Caesars shoots decrease than anticipated with a bid from William Hill of $ three.7 billion


The Caesars Palace Casino from Caesars Entertainment Corp. is located in Las Vegas, Nevada.

Jacob Kepler | Bloomberg | Getty Images

Caesars is in advanced takeover talks with William Hill, who valued the British bookmaker at £ 2.9 billion ($ 3.7 billion) and put the casino operator in full control of a rapidly growing US sports betting and online business would give.

Caesars was considering offering 272 pence per share, and William Hill's board of directors was inclined to recommend such an offer to shareholders, the companies said Monday.

William Hill's shares soared more than 312 pence each Friday after it was revealed they had received separate offers from Caesars and the buyout group Apollo.

However, those gains were returned on Monday, leaving the stock at 273p, suggesting that now, even if Apollo counters, investors are now expecting a far lower price.

Caesars only owns 20% of its U.S. joint venture with William Hill, but the deal is based on a Caesars casino presence and brand name that the casino owner said would have the right to give in the event of an Apollo buyout cancel.

The offer significantly undervalues ​​the company, but it appears due to the terms of the joint venture and the fact that William Hill's board of directors said it would make sense to recommend the offer, with limited scope for a competitive bidding process, analysts at Jefferies.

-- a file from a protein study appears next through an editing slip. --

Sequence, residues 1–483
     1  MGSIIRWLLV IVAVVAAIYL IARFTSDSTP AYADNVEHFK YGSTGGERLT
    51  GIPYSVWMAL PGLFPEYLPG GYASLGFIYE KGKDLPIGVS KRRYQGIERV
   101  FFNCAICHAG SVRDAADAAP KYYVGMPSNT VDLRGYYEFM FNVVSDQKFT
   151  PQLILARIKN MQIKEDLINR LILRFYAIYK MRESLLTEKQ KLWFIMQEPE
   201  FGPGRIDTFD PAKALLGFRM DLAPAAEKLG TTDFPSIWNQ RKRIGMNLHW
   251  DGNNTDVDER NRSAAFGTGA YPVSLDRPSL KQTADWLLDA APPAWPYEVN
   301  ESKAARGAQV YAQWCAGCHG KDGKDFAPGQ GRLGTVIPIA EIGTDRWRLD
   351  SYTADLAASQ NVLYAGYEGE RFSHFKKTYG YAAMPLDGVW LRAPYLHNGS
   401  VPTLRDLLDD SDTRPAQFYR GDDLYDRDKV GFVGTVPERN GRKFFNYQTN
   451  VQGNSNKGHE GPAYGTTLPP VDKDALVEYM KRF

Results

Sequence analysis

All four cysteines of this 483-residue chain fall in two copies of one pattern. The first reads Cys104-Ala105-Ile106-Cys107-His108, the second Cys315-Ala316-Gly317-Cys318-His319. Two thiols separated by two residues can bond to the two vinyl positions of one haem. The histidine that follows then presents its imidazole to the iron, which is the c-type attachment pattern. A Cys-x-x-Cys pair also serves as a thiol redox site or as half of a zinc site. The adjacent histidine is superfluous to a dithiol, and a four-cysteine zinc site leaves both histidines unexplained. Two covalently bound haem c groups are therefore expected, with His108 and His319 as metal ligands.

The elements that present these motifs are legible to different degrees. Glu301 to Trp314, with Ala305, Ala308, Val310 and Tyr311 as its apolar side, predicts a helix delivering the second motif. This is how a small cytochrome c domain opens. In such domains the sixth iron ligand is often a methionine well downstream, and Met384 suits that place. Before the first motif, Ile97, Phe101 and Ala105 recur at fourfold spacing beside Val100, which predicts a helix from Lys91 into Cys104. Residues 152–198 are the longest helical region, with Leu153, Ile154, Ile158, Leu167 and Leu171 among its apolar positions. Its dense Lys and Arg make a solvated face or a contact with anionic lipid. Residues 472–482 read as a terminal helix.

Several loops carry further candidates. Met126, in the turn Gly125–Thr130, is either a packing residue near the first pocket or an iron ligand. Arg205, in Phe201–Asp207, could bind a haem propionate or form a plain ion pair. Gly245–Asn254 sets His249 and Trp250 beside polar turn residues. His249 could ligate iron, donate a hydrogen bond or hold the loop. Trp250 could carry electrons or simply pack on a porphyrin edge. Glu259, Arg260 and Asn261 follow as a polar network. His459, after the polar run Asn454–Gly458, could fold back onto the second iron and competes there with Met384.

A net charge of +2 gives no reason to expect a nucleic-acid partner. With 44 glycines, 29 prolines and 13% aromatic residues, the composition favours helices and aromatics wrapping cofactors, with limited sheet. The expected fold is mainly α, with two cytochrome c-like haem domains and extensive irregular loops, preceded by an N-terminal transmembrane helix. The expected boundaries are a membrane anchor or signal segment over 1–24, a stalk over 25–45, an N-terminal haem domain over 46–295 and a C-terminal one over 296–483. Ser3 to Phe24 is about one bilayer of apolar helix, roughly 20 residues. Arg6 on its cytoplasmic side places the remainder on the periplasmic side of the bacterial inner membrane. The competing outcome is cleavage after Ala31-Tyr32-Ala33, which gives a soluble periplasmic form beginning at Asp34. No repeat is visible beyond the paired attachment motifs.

Apollo did not immediately respond to Reuters' request for comment outside of normal business hours.

Stifel analyst Bridie Barrett said the broker's valuation range for William Hill is between 270 and around 400 pence.

"While ending the relationship with William Hill under new ownership makes little business sense, it increases the risk of a private equity acquisition … a price at the high end of our range is unlikely," said Barrett.

William Hill shares were trading near two-year highs before the proposals were announced, after falling to their lowest level in 20 years in March.

It has offset domestic regulatory pressures by expanding in the U.S. and partnering with CBS Sports and ESPN to capitalize on the relaxation of sports betting rules there.

To fund the deal, Caesars said he would raise equity and raise $ 2 billion in new debt that is secured against William Hill's non-US corporations.

Caesars said the expanded U.S. sports and online gaming business could generate net sales of between $ 600 million and $ 700 million for full year 2021.

The offer comes shortly after Eldorado Resorts completed the purchase of larger rival Caesar for approximately $ 8.5 billion, creating a new competitor for larger players like Las Vegas Sands and Wynn Resorts.


Steven Gregory